It is gorgeous isn’t it Jessica! I have been and checked on the pile of leaves this morning and everything seems the same, thank goodness. I was very surprised at how the grass ball was so different from the other two nests that I have found previously. Those were made out of long grass, still green, that had been beautifully woven to form the nest, this one was just short pieces, rotting away. Does this mean that I can never dig the backs of my borders in the spring, I will be quite happy to leave them in future!

  2. Wendy says:

    Oh how beautiful. What a wonderful find and it’s lovely that it’s safe with you! They really are the cutest of creatures.

    • Pauline says:

      It certainly is safe with us Wendy. We have known that we have dormice for about 5 yrs now, having seen other nests and the dormouse itself a couple of times. Usually when watering the fruit and veg in the summer, we disturb it having a little feast on the strawberries!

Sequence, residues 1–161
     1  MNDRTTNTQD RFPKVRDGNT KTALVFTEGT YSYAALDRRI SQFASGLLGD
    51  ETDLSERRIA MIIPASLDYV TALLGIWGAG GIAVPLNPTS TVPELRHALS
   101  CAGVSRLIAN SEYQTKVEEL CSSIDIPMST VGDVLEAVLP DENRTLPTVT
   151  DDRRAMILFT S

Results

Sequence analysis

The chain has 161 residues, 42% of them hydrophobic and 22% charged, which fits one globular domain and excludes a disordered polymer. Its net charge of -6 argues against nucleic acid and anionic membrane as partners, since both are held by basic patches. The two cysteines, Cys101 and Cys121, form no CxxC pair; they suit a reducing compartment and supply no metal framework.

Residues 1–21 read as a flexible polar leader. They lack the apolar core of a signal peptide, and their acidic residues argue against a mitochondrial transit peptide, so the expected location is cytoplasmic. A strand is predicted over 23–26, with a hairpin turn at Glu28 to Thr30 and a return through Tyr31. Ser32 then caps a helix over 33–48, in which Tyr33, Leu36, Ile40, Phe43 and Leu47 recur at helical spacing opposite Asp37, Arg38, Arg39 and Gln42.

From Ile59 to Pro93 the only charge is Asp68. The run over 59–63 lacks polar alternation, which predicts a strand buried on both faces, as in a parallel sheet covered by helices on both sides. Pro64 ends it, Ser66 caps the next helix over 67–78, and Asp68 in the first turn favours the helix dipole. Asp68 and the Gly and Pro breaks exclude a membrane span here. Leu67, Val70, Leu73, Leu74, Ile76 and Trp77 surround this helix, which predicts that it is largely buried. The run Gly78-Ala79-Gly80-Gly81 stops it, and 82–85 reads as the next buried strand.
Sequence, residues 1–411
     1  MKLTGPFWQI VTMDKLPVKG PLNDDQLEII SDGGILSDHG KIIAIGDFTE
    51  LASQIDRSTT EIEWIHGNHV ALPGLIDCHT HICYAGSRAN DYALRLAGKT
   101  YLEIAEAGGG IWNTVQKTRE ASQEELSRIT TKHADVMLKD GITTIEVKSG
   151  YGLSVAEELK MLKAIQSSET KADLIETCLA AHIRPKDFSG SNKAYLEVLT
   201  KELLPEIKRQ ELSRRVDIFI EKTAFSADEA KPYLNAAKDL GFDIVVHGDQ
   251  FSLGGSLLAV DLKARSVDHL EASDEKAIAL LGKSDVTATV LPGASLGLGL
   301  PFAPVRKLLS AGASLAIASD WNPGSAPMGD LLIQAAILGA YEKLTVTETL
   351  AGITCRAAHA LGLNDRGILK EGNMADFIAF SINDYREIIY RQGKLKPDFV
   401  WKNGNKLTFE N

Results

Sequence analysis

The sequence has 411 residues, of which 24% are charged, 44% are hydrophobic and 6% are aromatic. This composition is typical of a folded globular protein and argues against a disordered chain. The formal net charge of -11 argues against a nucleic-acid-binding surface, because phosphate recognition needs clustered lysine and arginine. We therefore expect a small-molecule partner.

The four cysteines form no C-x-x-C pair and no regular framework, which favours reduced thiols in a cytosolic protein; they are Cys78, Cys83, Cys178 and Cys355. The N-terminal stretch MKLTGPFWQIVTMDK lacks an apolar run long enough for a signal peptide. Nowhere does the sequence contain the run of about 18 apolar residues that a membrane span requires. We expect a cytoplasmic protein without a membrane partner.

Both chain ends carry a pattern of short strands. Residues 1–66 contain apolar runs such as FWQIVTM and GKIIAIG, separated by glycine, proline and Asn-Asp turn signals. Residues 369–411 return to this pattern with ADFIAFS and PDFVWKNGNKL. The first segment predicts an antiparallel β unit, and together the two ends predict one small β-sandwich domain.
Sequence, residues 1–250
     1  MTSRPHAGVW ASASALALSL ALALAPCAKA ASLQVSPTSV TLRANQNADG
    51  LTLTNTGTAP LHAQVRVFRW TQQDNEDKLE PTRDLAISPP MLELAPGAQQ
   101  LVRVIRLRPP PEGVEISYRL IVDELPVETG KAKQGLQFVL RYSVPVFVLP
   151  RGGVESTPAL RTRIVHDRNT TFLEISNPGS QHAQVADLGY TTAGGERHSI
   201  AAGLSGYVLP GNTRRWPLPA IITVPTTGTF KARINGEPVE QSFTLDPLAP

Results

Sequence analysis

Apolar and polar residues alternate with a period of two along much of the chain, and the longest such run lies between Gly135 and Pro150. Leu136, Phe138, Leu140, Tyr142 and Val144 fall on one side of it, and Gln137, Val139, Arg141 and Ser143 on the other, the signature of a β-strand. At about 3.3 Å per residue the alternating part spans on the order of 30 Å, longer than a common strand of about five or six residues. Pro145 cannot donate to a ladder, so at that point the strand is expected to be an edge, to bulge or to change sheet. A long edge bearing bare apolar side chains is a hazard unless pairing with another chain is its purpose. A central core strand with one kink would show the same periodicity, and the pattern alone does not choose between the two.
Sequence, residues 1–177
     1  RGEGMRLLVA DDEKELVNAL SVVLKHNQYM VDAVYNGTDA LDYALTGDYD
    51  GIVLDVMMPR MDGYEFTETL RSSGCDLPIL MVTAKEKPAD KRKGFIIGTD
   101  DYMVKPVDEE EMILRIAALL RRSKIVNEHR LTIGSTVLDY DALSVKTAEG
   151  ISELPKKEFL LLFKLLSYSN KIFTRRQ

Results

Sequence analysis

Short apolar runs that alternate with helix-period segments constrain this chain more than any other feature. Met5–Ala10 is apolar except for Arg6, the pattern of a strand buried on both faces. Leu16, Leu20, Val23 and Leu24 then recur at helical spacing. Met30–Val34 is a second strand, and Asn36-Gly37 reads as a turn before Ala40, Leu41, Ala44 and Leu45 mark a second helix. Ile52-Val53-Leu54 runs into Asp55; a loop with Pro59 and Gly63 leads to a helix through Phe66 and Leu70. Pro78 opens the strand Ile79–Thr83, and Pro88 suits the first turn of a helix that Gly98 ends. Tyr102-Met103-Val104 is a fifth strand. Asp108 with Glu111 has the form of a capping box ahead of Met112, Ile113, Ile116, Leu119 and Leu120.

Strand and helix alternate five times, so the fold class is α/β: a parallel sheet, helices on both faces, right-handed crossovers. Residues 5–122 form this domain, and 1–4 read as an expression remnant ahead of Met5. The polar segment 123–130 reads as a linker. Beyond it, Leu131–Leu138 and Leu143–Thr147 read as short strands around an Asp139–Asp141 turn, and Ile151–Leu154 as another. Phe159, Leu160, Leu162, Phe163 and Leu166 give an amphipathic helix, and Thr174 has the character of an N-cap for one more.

3. AnnetteM says:

    What a lovely find and great that he stayed asleep. I would have thought he would have woken up by now though – can’t be long? Great photos.

    • Pauline says:

      With freezing temperatures at night time, I think sleeping is the best thing to do Annette! I think it is usually April/May before they come out of hibernation, they do sleep for an awfully long time.

  4. Sally says:

    Hi Pauline,
    Nature triumphs over human “progress”. Your garden is probably full of creatures…..a haven from cement and asphalt.
    He/she is the cutest little thing! I’m glad you told us what it is. The closest we have to that little guy is a chipmunk.

    • Pauline says:

      While they were planning their buildings next door Sally, we were protesting to the council as Dormice are such a well protected species and their habitat is protected by so many laws. No trees or hedges were destroyed thank goodness, but we were so pleased to see the dormouse still with us, it hadn’t given up and moved elsewhere! It is very small, only 2 inches and another 2 inches for its furry tail.

  5. Chloris says: